Women in their 50s have been let down by work
More women over the age of fifty are working than ever before but the generation of women who blazed a trail for women’s equality in the workplace are still struggling to get a fair deal. Low pay, discrimination, the pressures of juggling caring responsibilities and paid work, and difficulties accessing training opportunities are all among the key issues facing older women at work.
The trade union movement is well-placed to speak up on behalf of these women. The caricature of the average trade union member may still be a middle-aged, white man in a donkey jacket on a picket line, but the reality is somewhat different.
The typical trade union member today is more likely to be a woman than a man, and trade union density amongst women is greatest among the 50–59 age group. This is a group of members whose voices all too often go unheard.
The bottom line is that this generation of women has been let down. They entered the workforce in the 1970s or 80s. They were the first generation protected by equal pay and sex discrimination laws and the first to have rights to paid maternity leave. Many returned to work after having children and struggled to combine work with childcare at a time when few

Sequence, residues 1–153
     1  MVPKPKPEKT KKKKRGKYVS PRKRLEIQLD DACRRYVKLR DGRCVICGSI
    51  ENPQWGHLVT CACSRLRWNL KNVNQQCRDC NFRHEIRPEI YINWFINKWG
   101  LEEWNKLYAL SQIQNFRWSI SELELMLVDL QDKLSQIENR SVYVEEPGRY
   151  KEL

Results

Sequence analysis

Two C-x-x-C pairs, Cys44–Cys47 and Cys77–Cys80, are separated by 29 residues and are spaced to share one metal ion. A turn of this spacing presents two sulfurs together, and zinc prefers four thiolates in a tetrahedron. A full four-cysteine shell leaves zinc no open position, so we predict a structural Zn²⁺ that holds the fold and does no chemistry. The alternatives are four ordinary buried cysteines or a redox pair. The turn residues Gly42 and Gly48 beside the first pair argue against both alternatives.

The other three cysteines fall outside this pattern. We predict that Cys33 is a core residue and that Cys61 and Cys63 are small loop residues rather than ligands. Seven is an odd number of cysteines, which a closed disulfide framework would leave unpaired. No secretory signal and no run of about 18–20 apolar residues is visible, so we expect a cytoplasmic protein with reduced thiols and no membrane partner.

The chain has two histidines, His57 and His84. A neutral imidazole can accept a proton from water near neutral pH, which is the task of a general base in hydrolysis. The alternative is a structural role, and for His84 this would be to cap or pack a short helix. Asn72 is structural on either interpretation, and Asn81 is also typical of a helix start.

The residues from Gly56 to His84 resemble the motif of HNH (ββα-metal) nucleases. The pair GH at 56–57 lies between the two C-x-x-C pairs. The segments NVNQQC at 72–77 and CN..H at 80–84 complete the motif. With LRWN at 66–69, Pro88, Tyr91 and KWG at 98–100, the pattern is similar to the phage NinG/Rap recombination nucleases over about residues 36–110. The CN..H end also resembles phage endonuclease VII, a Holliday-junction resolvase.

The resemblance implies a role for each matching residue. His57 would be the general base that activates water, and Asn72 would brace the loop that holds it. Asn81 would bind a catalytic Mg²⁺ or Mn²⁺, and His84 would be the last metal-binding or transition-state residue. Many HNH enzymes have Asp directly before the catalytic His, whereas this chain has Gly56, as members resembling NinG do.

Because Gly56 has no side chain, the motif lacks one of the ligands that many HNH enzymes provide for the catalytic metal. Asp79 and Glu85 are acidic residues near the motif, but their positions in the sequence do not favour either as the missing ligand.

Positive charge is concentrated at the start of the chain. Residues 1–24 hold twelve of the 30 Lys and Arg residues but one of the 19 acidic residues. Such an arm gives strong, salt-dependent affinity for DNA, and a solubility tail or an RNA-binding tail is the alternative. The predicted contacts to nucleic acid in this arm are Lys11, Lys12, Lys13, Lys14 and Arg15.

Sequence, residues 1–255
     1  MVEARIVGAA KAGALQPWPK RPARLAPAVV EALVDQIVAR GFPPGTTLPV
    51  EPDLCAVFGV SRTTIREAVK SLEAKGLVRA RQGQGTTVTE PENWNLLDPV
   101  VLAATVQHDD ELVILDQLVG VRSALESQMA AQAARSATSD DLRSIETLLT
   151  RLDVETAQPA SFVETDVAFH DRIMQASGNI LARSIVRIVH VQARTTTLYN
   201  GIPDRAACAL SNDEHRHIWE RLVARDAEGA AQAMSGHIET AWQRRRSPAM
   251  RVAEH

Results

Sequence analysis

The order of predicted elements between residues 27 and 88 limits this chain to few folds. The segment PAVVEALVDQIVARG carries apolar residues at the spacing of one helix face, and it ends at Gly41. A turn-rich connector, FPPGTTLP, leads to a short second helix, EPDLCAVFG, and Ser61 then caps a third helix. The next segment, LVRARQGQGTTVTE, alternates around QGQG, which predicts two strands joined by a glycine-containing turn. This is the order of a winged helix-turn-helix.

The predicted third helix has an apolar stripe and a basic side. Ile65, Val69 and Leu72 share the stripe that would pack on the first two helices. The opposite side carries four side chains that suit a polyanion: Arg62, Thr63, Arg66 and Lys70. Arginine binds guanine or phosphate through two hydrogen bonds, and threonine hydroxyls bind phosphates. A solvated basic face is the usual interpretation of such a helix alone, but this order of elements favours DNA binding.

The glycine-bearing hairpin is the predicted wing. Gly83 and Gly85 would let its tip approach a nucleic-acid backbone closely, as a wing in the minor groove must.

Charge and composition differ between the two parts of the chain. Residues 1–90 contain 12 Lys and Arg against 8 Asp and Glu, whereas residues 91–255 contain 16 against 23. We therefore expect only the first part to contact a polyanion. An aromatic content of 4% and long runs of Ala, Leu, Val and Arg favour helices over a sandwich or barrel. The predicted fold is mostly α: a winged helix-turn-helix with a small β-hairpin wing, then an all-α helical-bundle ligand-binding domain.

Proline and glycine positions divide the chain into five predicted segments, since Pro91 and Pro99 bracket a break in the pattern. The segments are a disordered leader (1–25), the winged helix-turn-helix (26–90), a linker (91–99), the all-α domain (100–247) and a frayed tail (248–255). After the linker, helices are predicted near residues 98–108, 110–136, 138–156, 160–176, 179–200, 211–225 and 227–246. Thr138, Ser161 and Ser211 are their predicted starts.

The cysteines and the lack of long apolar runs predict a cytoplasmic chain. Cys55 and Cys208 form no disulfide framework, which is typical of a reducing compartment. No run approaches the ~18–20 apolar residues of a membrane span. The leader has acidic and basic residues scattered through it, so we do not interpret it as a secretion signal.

employers offered flexible working. But after decades of hard work, many of these women feel short-changed. The fact that this generation of women earns a fifth less than their male counterparts and less than any other age group of women should set alarm bells ringing.
The TUC has put the needs of older women in the workforce at the forefront of its recent campaigning activities, with overwhelming support from our affiliates and the TUC Women’s Committee. The TUC and affiliate unions have welcomed the establishment of a Commission on Older Women set up by the Labour Party in 2013. The findings of the Age Immaterial project have fed into the Labour Party’s Commission and have arrived at many of the same conclusions. And today, we’re publishing a major report from Age Immaterial into older women’s experiences in the workplace.
The costs of ignoring this generation of women are high, and we need to see some urgent changes in both employer attitudes and practices and in policy that will ensure that women over 50 finally get a fair deal at work.